Most of the pieces I create have been commissioned and, for that reason, are out the door as soon as they are completed. Most of them.
I don’t understand those artists who have a hard time parting with their work. Perhaps it’s because I work hard at what I do and look forward to finishing a piece. Maybe the time invested working on a project eventually wears on me. It might be that my mind is already toying with the next project. At any rate, I’m always more than happy to say “Sayonara” when all is said and done.
Not everything I create, however, is commissioned. To keep my sanity, I sometimes create pieces on my own initiative. I’ve been blessed with a mind active enough to keep my hands busy for eons. Ideas for interpretations of Holy Scripture are always rattling around in my noggin. I often visualize the image, the color palette, and significant details, but then have to store those visions away in a fold of gray matter until I have time. I also indulge the more fantastical part of my brain, if only for fun. Those images also get mentally filed away.
Occasionally these seemingly-random ideas come to fruition. ArtPrize has a knack for making that happen, but we shouldn’t blame ArtPrize for everything – sometimes I make it happen on my own. Sometimes I squeeze in one of those projects, even when my schedule shouldn’t allow it – which is pretty much all the time.
Until recently, I've sold only one of my many entries into ArtPrize – “Owashtanong.” Most everything else is still on the walls or stacked in some room of my house or languishing in the loft of my barn. That will soon change when a second ArtPrize piece, “Ecce Homo,” travels to a new home.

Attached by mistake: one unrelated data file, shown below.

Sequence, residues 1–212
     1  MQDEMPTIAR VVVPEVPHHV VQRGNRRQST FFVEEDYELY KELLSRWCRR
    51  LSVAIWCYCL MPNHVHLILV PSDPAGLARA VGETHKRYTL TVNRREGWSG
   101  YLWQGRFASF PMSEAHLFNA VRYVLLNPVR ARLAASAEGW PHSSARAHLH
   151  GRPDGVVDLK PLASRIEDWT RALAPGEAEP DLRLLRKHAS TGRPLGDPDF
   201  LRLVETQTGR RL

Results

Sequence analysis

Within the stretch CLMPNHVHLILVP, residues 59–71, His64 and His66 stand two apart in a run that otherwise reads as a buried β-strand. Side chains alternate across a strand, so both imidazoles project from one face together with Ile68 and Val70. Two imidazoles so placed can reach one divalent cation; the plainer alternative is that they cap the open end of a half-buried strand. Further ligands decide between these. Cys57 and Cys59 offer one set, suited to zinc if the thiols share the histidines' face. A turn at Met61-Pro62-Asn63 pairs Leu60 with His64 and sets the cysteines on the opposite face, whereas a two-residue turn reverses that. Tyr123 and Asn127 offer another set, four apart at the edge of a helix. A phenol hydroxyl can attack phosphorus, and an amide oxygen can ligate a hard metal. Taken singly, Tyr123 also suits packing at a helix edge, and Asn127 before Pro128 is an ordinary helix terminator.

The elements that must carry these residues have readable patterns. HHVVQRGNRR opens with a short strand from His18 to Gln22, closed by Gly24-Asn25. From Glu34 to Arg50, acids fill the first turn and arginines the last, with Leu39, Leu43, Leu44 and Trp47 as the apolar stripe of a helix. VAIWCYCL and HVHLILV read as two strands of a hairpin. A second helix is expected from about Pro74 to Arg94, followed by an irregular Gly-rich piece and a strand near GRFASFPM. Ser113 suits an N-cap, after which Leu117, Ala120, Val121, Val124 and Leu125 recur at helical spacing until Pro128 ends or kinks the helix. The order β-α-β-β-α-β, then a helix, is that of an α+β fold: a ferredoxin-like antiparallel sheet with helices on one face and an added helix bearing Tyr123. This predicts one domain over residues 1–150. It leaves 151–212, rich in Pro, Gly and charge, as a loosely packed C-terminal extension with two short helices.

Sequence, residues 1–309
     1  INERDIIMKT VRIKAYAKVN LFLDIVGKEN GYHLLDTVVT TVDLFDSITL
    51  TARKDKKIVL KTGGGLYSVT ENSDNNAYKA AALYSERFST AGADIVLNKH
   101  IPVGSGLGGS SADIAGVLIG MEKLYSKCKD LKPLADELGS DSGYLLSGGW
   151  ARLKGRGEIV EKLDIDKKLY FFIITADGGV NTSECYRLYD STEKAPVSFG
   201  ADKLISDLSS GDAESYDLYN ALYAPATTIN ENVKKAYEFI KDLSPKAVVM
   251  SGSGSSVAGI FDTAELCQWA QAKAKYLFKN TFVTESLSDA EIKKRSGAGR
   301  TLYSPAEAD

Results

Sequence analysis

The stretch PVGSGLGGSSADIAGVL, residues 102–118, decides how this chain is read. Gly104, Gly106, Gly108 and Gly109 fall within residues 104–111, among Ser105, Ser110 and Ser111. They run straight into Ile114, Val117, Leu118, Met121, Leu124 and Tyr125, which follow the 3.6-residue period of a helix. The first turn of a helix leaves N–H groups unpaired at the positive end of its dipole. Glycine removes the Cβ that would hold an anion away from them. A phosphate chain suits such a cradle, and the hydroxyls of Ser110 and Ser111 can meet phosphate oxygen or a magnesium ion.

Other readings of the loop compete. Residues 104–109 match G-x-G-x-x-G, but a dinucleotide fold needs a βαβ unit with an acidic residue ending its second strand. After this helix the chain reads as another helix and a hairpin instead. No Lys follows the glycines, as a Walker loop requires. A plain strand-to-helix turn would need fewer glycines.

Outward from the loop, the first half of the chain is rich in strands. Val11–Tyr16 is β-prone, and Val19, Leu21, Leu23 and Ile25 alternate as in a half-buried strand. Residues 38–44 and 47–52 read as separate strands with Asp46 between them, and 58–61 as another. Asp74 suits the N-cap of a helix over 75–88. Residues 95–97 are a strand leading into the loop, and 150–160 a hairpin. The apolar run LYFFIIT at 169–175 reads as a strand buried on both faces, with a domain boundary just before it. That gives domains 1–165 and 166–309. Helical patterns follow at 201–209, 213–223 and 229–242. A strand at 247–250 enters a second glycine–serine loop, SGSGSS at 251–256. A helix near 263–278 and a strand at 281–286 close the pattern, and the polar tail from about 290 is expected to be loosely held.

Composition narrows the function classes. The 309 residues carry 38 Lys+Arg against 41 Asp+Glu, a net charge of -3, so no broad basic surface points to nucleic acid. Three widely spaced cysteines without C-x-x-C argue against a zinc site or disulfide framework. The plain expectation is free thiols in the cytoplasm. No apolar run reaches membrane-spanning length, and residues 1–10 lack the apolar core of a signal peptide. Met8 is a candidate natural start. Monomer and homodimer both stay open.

Of course, I would love to sell more pieces. Not all of them need end up in a church or private home. One or two of my pieces would – pardon the pun – look fantastic in a beer hall or perhaps in a children’s hospital.
If any of my readers have spare change – lot’s of spare change – in their pockets, below are some available originals for consideration. Even though I had a wonderful time working on each of them and still value their artistic merit, I would also love to tell them “Syonara.”
|"Parables of the Vineyard." Oil on wood. 46.5" x 31.5", framed. $10,000.|
|"Under Slottet Bron." Oil on wood, with carved wooden frame. Approx. 8 feet x 13 feet. $20,000.|
|"Martin Luther." Oil on wood. 18" x 24", framed. $2,500.|
|"Katarina von Bora Luther. Oil on wood. 18" x 24", framed. $2,500.|
|"Förtrollade Skogen." Oil on wood. 11 feet x 4 feet, framed. $10,000.|
|"O That My Words Were Written." Oil on wood. 37" x 70", framed. $10,000.|
|"Fridur." Oil on wood. 12 feet x 52", unframed. $10,000.|
|" 'St. Michael Contending.' " Oil on wood. 28.5" x 40.5", framed. $10,000.|
|"Archangel Gabriel." Ink on paper. 18" x 28", framed. $3,000.|
|"Archangel Michael." Oil on wood. 34" x 49", framed. $5,000.|
|"Precious in the Sight of the Lord." Oil on wood. 30" x 24", framed. $5,000.|
|"Ambrei as Potamiaena." Oil on wood. 48" x 84", unframed (without black frame shown). $10,000.|
|"Adoremus." Oil on wood. 57" x 88", framed. $10,000.|